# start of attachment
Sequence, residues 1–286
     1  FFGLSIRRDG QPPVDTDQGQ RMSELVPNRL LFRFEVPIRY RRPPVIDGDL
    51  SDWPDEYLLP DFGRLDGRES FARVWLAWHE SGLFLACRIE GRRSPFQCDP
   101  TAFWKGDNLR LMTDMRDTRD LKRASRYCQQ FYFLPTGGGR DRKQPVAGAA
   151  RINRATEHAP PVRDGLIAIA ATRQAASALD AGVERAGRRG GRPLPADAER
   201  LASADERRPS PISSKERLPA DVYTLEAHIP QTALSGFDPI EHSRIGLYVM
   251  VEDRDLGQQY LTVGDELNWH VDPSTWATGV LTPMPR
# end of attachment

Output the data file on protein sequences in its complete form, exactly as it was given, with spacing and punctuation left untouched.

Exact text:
Sequence, residues 1–286
     1  FFGLSIRRDG QPPVDTDQGQ RMSELVPNRL LFRFEVPIRY RRPPVIDGDL
    51  SDWPDEYLLP DFGRLDGRES FARVWLAWHE SGLFLACRIE GRRSPFQCDP
   101  TAFWKGDNLR LMTDMRDTRD LKRASRYCQQ FYFLPTGGGR DRKQPVAGAA
   151  RINRATEHAP PVRDGLIAIA ATRQAASALD AGVERAGRRG GRPLPADAER
   201  LASADERRPS PISSKERLPA DVYTLEAHIP QTALSGFDPI EHSRIGLYVM
   251  VEDRDLGQQY LTVGDELNWH VDPSTWATGV LTPMPR